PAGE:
Dual identity yields an international outlook
Eeman Khorramian could see himself entering the political world. The Palisades Charter High School senior has been highly active in school affairs and with the school’s student government since ninth grade. His leadership skills even earned him the position of student body president.
Following the Iran election protests in 2009, Khorramian co-founded a campus chapter of Public Affairs Alliance of Iranian Americans (PAAIA), a secular nonpartisan nonprofit based in Washington, D.C.
Khorramian said being Iranian-American has made him internationally aware, and he confessed to having an addiction to world news.
“I tend to follow BBC and international coverage rather than just American news, which focuses on domestic issues. I don’t just follow Iranian issues; the disaster in Syria and the Arab Spring really caught my attention, too,” he said.
The articulate 18-year-old said growing up Iranian and Jewish has been one of his biggest challenges so far.
“Being Iranian and Jewish has definitely been the hardest thing for me to figure out. It’s very difficult to be Iranian and proud to be an Iranian, and be Jewish and being proud of being a Jew. I’m very much in touch with both sides, and I am proud of both, and neither takes away from the other.”
Khorramian, who is graduating in the top 2 percent of his class, said studying subjects that allow him to put in his full effort is very important to him.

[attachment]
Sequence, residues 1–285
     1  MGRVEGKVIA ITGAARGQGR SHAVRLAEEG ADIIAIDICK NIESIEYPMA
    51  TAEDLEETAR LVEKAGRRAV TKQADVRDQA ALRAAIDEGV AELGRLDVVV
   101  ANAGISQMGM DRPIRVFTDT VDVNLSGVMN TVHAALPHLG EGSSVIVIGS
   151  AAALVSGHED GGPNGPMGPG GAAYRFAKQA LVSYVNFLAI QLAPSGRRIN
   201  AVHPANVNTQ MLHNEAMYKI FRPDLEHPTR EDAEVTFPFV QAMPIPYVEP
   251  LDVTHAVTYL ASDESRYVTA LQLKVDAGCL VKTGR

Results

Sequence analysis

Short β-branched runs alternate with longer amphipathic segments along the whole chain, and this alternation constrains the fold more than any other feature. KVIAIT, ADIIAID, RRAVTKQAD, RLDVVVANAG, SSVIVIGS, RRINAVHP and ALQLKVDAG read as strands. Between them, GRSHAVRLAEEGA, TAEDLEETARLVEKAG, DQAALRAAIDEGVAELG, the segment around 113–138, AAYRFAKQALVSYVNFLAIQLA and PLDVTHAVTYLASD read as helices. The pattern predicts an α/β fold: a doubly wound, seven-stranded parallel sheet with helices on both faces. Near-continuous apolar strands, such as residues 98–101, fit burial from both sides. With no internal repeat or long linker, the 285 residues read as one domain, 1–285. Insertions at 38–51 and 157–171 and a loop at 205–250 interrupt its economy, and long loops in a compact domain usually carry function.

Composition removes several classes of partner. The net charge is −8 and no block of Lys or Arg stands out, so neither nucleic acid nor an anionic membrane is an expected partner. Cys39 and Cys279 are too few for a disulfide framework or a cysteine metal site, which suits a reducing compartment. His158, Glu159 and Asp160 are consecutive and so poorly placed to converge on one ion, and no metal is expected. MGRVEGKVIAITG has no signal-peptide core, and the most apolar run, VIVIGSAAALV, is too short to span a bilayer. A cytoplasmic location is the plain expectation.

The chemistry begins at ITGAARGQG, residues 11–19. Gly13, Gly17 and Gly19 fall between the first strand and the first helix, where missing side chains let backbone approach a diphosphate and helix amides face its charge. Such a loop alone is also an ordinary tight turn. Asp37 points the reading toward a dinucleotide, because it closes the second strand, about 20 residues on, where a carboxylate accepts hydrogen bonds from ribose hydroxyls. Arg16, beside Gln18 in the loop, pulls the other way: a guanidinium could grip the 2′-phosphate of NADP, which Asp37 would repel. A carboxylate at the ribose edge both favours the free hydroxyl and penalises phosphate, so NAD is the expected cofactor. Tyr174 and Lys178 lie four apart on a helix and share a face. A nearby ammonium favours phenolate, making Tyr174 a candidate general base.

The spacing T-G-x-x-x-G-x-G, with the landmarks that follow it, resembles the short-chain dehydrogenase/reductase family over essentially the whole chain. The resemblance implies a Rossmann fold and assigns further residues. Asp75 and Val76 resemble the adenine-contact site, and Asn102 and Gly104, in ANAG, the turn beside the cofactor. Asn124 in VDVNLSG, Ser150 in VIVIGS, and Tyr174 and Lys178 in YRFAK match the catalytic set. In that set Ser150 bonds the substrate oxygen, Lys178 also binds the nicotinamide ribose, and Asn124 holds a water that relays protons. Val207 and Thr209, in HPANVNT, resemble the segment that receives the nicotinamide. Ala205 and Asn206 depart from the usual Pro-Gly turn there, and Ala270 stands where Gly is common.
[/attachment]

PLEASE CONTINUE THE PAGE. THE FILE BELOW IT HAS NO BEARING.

“I try to challenge myself in the subjects I choose, and my school has allowed me to have an interdisciplinary education,” he said. “I’ve also gotten the chance to work on leadership here.”
Khorramian is not getting sentimental about leaving high school for UCLA, but he does have a lot of praise for the education he received.
“I hear a lot of people talk about leaving in a negative sense, but I’m ready to leave,” Khorramian said. “I feel like my high school has given me everything I need to be ready for college, so I’m looking forward to this next step in my education.”
His credentials suggest a career in politics, but Khorramian isn’t rushing the decision. He’s put his major down as “undecided.”
“I’m just really looking forward to going to UCLA, and I feel like my education is just beginning,” he said excitedly. “I love biology, and I could see myself being a doctor. But I’m also fascinated by international relations. If I could find a way to merge the two as a career, that would be perfect.”